Marcus Valerius Martialis, or Martial, as he is generally now known, was unique in the particular type of poetry he wrote and its effect. Following in the Indo-European tradition of the blame poet, he had special license to treat social transgressions with cutting wit and humor, as well as with extreme frankness, which included the use of obscenities and graphic sexual content. Typically Martial, in reaction to any perceived deterioration of norms of behavior, ridiculed socially aberrant and dangerously destructive behavior; or, less often, in an effort to prescribe and encourage socially acceptable behavior, he praised examples of ideal behavior. The aggregate result of this blame and praise poetry was a guide that voiced and reflected on the ethical views and concerns of his readership.…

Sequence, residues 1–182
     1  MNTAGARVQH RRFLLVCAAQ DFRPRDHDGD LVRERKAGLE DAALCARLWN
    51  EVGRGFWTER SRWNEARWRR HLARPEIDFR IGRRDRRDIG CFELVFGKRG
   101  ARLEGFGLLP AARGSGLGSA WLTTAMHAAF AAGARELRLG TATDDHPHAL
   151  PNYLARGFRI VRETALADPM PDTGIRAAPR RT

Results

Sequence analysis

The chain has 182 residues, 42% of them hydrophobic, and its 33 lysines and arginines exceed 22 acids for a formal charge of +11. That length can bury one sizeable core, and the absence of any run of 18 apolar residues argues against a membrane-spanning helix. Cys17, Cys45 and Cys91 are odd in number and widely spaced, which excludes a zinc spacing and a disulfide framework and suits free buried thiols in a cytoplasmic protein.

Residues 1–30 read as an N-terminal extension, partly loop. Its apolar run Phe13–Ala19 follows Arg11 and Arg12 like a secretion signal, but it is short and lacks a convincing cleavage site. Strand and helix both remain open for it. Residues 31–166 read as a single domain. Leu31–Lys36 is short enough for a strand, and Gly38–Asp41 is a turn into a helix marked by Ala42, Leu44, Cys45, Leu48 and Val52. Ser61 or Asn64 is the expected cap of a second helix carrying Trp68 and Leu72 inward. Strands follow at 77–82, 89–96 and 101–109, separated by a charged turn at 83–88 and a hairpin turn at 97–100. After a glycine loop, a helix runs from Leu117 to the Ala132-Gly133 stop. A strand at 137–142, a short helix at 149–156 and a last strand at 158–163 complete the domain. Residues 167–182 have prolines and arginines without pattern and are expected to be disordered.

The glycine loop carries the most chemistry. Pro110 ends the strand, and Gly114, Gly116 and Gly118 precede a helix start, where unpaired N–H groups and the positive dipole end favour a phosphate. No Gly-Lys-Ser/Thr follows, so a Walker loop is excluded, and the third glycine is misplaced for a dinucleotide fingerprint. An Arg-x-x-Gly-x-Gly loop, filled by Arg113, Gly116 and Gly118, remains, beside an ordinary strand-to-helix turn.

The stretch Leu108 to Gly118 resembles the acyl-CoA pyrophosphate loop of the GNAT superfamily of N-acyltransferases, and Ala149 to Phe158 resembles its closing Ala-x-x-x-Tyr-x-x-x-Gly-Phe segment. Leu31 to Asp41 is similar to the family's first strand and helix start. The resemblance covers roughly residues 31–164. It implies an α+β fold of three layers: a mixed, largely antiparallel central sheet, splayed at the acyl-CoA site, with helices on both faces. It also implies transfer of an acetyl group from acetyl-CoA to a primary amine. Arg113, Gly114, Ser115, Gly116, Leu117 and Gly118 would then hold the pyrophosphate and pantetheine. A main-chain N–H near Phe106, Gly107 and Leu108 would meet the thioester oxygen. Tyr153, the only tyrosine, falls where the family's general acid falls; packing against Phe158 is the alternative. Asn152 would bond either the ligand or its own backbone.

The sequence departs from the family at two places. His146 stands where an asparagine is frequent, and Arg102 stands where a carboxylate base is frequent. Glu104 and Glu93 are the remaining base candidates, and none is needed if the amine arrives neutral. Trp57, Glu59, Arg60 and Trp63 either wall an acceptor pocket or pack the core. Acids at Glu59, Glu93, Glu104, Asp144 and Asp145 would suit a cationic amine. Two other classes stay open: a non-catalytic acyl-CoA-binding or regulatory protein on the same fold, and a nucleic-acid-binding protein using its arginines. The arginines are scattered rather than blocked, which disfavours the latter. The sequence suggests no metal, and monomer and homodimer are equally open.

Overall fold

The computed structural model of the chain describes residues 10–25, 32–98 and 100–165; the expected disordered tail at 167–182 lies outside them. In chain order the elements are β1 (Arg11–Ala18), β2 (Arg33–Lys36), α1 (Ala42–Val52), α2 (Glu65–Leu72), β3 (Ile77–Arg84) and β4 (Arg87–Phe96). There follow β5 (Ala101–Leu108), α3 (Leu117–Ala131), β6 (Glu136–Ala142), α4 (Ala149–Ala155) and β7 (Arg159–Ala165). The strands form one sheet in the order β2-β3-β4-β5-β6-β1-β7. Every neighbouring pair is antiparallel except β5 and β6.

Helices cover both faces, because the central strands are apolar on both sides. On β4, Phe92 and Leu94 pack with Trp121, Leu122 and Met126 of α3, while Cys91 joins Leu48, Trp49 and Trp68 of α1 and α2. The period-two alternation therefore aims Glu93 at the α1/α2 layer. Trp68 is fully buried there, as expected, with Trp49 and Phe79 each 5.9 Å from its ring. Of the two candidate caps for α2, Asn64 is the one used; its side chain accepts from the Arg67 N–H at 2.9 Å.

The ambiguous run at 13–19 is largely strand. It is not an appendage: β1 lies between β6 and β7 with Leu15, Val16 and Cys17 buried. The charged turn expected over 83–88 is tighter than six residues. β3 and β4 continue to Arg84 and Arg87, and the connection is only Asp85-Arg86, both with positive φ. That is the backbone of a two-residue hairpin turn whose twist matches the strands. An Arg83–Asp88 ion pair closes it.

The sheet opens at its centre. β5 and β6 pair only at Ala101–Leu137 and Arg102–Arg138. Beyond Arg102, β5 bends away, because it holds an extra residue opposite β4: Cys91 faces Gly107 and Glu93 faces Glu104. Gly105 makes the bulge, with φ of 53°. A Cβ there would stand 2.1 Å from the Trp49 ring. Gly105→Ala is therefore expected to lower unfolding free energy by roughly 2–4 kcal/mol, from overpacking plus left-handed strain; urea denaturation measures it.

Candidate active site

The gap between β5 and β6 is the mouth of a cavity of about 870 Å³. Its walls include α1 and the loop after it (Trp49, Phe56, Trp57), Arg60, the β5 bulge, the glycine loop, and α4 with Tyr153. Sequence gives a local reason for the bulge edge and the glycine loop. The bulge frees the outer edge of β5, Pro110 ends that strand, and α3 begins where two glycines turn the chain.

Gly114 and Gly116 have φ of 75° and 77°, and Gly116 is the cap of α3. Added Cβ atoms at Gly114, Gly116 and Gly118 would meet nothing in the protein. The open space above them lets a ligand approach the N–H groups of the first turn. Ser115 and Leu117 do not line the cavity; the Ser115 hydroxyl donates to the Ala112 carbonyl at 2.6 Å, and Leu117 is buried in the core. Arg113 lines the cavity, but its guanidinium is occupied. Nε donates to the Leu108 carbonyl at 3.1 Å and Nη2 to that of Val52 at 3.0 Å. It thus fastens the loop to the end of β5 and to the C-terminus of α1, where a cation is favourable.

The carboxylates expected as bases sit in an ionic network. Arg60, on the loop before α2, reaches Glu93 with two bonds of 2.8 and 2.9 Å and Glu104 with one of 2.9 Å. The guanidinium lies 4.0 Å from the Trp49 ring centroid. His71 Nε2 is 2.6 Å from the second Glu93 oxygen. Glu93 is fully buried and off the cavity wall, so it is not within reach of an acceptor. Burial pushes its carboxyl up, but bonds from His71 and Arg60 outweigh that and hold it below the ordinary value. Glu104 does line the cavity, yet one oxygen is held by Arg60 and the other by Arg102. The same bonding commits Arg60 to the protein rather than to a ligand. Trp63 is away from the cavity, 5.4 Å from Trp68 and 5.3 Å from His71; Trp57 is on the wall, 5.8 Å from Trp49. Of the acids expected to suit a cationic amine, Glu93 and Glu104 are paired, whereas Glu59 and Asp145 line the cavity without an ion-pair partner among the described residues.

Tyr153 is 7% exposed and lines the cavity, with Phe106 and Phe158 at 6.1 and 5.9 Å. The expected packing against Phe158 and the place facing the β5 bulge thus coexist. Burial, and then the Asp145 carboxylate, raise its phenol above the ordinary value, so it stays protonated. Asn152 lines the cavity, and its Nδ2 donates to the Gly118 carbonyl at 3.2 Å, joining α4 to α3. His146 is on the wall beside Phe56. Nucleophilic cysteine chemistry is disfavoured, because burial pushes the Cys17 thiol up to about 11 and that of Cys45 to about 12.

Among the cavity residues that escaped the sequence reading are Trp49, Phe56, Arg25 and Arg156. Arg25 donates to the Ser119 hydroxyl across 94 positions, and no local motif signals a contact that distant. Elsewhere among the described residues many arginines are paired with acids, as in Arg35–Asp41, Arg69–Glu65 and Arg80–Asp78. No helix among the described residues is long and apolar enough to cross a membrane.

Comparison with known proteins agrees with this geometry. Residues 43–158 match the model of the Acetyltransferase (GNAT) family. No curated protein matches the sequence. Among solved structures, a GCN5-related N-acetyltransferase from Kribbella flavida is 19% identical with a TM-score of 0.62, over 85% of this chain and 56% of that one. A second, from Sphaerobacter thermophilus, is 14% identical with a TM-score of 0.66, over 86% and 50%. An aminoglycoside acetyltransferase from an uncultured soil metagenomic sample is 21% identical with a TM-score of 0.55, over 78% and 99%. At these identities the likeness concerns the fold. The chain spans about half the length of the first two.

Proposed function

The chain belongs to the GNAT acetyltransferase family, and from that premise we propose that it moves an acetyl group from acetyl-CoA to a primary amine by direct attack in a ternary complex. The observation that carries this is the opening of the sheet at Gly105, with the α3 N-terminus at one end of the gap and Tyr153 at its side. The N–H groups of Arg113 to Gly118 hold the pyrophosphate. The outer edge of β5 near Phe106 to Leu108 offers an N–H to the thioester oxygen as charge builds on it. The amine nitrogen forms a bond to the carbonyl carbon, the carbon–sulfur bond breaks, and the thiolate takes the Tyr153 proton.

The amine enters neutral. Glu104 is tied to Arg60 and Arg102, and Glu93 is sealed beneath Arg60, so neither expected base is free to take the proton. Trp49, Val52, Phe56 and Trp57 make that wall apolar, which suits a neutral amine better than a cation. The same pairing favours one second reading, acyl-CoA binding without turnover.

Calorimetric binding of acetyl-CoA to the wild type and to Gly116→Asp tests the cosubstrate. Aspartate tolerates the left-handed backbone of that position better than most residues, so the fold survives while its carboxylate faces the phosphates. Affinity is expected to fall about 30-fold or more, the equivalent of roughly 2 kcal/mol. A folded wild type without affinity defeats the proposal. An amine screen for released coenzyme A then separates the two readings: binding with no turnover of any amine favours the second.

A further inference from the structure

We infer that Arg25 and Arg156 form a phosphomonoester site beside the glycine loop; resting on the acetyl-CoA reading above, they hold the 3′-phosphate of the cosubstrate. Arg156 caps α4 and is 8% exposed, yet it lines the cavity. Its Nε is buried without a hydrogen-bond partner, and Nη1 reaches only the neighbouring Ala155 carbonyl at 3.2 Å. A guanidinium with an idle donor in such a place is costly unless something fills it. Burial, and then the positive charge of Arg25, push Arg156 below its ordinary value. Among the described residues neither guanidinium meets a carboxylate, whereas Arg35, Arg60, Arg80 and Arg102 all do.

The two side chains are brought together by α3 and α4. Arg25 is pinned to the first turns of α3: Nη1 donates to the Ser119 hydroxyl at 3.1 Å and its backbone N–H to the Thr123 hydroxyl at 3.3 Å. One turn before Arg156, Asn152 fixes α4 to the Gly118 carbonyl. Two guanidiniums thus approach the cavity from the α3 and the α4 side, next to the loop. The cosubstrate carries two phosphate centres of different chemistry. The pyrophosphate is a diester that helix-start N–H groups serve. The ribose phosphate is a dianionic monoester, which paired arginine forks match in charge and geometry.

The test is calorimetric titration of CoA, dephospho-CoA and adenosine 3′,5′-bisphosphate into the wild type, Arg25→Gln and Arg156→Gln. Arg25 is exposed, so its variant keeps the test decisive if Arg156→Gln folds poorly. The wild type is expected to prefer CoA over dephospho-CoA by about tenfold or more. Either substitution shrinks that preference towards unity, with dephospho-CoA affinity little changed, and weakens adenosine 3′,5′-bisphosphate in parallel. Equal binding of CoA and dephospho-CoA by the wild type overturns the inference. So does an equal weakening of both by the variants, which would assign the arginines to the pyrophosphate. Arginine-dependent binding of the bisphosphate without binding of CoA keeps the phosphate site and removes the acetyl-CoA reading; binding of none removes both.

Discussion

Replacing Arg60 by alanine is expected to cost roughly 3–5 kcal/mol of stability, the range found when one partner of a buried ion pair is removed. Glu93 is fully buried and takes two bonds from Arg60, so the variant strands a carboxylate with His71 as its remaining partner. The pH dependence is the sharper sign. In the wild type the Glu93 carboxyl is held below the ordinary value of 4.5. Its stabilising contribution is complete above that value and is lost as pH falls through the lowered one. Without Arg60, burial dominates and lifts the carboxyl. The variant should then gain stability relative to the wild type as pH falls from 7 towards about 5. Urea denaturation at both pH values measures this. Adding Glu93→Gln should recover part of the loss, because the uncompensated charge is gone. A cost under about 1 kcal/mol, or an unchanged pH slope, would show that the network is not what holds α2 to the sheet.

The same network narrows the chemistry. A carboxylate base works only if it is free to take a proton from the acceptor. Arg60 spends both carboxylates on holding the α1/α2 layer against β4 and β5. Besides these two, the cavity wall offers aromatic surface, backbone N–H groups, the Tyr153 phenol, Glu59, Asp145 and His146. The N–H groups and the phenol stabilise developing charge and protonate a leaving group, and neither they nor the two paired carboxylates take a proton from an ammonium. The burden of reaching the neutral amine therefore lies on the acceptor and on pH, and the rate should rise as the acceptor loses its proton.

3550 words

Citation: Spisak, Arthur. "Martial". The Literary Encyclopedia. First published 21 October 2007 [https://www.litencyc.com/php/speople.php?rec=true&UID=2960, accessed 05 March 2024.]

2960 Martial 1 Historical context notes are intended to give basic and preliminary information on a topic. In some cases they will be expanded into longer entries as the Literary Encyclopedia evolves.

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